Because of the large flat surfaces on the rear section of the hull, great hydraulic pressure is developed, which pushes the rear section of the hull upwards. This pressure is particularly strong at the section of the hull near the mirror. This results in the boats skidding at low speed and directly. Simultaneously, due to the great hydraulic pressure developed at the rear of the hull, the rear section's draught is avoided and as a result its front section (bow) does not easily rise. Thus, the boat can cruise at high speed under wavy conditions, without carrying large loads, and the cruise angle of the boat and its speed are not altered.

With these characteristics, the hull of this invention achieves a reduction of the friction caused by motion on the water's surface, at a rate that exceeds 50% of the friction caused by common hulls (Patterns 4.1, 4.2).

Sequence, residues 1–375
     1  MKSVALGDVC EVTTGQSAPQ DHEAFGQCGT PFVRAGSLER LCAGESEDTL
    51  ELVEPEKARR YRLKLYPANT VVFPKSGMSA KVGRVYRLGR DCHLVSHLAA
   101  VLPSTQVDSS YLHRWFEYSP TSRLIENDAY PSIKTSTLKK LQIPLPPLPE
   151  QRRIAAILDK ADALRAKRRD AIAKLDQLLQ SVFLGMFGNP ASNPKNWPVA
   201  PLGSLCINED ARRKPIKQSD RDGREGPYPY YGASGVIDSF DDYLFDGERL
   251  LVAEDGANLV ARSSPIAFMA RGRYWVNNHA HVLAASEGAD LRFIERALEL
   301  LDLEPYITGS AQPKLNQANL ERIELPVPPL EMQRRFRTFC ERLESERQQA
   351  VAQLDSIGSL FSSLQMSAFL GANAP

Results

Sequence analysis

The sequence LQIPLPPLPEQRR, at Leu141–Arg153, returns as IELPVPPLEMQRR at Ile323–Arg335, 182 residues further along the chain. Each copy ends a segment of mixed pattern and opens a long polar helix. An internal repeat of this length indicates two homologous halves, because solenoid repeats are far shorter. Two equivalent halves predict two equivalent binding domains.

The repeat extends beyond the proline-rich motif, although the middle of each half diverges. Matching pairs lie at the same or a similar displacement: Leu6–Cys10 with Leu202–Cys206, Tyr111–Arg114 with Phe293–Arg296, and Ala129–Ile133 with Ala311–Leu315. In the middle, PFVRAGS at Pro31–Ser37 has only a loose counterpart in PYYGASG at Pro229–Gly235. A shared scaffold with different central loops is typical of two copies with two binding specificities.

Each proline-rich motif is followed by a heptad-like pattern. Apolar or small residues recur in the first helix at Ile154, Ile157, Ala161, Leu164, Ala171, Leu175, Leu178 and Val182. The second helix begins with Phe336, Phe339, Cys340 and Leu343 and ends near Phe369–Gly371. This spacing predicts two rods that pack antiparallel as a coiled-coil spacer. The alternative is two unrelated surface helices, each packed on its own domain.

The result is that the boat using this hull needs less horsepower from the motor in order to cruise at the same speed boats with greater horsepower do, with, however, a common hull. There is also a decrease in fuel consumption necessary for the boat to cruise with the hull of the present invention, as it achieves a speed similar to that of a common hull boat, yet requires a less powerful motor.

This hull is made up of three unequal sections and has the ability to cruise at great speed, even under waviness, because the front section, which has larger dimensions than the other, basically opens the corridor from where the other sections pass, which go through the water at greater speed and less friction due to their smaller size.

The hull of the present invention, thanks to its construction, undergoes less strain than common hulls. This allows a lighter structure in its inner supports, thus giving the boat a lighter weight than those with a common hull.